independent

Sunday 25 August 2019

Report points to potential gaps in service provision for children in Cork

A new report has pointed to potential gaps in service provision for children and young people in Cork.

That's according to the Children's Rights Alliance, which published the first annual report of its Helpline and Legal Advice Clinics this week.

The helpline and legal-advice clinics are part of the 'Access to Justice Initiative', which aims to ensure all children have access to free legal information and advice when they need it, regardless of their location, status or situation in Ireland.

"Our 'Access to Justice' service helps children, young people and their families in Cork and around Ireland through our helpline and legal-advice clinics. It also identifies the areas in which families need further support such as disability, education, child protection, children in care, housing and homelessness," said Children's Rights Alliance Chief Executive Tanya Ward.

"What this year's report points to are potentially significant problems within the most pivotal systems in our society: our legal system, our education system, our healthcare system. We are hearing from children, young people and parents who are struggling to navigate them."

Key findings in the report relate to family law:

• 15 per cent of calls received by children and young people were about family law issues.

• Over a quarter of all queries from parents and guardians were on family law issues (27 per cent).

"Young people are being pushed out of a family-law system that is crying out for reform," Ms Ward feels. "The majority of calls we received on the helpline related to family law. We have heard from young people worried that their voice was not being heard in family-law proceedings.

"This was echoed by parents, who are often unaware of their child's rights in access disputes.

"We have heard from both children and parents about the stress and anxiety access visits can cause when the child does not want to visit the other parent. We need courts that are family-friendly to provide necessary information and guidance for Cork families going through these proceedings."

Addressing education and disability, key findings in the report included:

• Education was the top issue being addressed at the Children's Rights Alliance legal advice clinics (27 per cent of clinics)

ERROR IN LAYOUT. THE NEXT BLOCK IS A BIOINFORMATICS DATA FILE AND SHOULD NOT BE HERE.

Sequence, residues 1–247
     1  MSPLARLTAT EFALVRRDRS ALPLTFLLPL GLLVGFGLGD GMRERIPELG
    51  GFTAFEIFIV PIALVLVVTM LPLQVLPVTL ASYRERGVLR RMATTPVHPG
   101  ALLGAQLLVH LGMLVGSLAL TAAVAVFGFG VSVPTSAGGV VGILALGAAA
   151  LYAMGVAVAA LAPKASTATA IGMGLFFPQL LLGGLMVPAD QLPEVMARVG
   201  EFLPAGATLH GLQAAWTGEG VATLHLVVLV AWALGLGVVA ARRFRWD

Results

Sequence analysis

• Recurring trends include disputes with schools and the difficulty securing places in appropriate schools.

"In the area of disability, we have heard from many parents in a situation where their child has been put on reduced hours in school," said Ms Ward. "We are seeing further evidence of this through the work of our members.

"The emerging prevalence of these issues in accessing equality and quality in education is a great concern to us in the Alliance. As a country that prides itself on its education system, we need to do better.

"Parents in Cork do not know where or who to go to when they face issues like these. A lot of the time they are coming to us because they have failed to get a solution or support to take action elsewhere."

Other key findings from the report include:

• Children as young as nine have contacted the Helpline

• Twenty per cent of queries from children and young people related to immigration.

• Over 10 per cent of calls relate to child protection. These have included issues parents have with Tusla, the Child and Family Agency, and how they have handled their case.

"This Report is the tip of the iceberg when it comes to issues facing children, young people and their parents," added Ms Ward. "We will continue to document emerging trends and areas of concern, and fill the gap in service provision providing free legal advice specifically on children's rights through our legal-advice clinics. However, it is clear that in the areas of family law, child protection, education and disability, a lot more needs to be done to ensure that these systems serve the young people coming to them often at very vulnerable points of their lives."

Corkman

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